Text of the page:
Karen Holmberg


Consider mayflies, daughter-caught in Bonne
Maman jam jars, their wide variety:
wax white, slate grey, grey green, with day-glo
or popsicle orange eyes, some
with striped stockings on, or wagging
their triple-filament tails like puppies.
They’ve gone through twenty
nymphal stages in their stream, two years
clutching a lump of black-slimed chert
only to emerge with vestigial mouths,
to blizzard for two weeks round
the mercury lamps in the parking lot
of Val-U-City.

Consider all the allowances spent on Mexican
jumping beans, the covetable hinged acrylic
case with magnifying lid placed lightly
as a grenade on the conveyer. Hand-warmed
the whole ride home they finally began
a little arrhythmic kick against your palm, setting
your heart off-pace. Consider
the caterpillar’s final task before she spins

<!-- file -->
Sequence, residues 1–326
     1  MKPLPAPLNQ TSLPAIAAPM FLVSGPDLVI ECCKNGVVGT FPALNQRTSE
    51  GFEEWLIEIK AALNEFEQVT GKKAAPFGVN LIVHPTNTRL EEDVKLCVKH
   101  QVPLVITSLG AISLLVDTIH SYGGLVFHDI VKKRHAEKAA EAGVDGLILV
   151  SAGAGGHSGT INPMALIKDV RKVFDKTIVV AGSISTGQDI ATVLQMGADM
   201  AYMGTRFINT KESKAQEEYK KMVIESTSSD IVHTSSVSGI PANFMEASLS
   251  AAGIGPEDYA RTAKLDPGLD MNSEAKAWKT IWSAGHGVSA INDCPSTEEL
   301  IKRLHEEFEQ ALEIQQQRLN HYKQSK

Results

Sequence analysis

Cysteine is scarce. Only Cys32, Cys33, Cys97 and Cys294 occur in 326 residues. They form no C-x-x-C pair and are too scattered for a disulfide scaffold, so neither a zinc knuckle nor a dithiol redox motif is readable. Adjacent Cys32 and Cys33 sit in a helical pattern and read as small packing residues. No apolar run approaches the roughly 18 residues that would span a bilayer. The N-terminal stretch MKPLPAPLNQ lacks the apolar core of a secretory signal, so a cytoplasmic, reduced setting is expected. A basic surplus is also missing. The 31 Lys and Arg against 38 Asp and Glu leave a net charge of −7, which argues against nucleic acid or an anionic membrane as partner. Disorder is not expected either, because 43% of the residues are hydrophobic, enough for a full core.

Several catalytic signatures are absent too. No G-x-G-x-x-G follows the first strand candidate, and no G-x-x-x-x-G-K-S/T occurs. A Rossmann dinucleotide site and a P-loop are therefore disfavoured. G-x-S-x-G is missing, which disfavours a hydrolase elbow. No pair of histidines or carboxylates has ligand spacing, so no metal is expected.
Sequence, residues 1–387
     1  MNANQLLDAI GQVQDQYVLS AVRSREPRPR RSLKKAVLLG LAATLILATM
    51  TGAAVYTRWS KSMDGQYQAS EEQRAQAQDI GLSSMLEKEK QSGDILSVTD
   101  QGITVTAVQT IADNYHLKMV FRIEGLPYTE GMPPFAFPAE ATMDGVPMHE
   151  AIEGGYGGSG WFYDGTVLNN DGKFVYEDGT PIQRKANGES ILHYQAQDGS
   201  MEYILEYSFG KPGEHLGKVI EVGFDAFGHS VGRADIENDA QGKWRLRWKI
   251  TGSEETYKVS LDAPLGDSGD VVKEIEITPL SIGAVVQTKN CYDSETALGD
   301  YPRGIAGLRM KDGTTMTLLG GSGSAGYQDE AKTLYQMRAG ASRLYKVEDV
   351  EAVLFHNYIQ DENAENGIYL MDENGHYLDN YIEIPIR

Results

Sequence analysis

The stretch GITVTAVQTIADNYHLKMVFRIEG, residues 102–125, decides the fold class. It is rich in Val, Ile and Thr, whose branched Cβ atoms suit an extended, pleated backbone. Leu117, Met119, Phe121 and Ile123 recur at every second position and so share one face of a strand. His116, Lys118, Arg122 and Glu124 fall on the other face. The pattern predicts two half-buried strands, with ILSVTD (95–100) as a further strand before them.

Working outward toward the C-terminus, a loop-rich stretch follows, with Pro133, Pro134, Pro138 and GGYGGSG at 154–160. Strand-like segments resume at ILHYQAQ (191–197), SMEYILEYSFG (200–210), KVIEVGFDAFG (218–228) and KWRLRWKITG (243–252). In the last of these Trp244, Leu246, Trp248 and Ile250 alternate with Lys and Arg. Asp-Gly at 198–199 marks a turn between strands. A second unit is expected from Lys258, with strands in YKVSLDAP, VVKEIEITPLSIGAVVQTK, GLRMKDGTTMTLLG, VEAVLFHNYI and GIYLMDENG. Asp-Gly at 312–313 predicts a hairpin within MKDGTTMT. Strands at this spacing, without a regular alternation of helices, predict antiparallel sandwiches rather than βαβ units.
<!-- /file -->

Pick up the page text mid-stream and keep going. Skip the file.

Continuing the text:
the silk sac: to score a compass-perfect
circle in the capsule so the moth
she doesn’t know she’ll be can pop
the hatch, escape to lay her eggs deep
in the ovary of the Sebastiana flower
that blooms only in the Sonora’s
fabled arroyos.

Consider change drastic and costly, creation
inconceivable or unforeseeable, things
coming from nothings all around us; consider
that the more urgent the business is
the more ephemeral: is it a wonder
we are tempted to wish
with a child’s ardency, Let this
creased and baggy garment
be cocoon!

Karen Holmberg
“Ephemerata” first appeared in Southern Poetry Review, 47:1, 2009.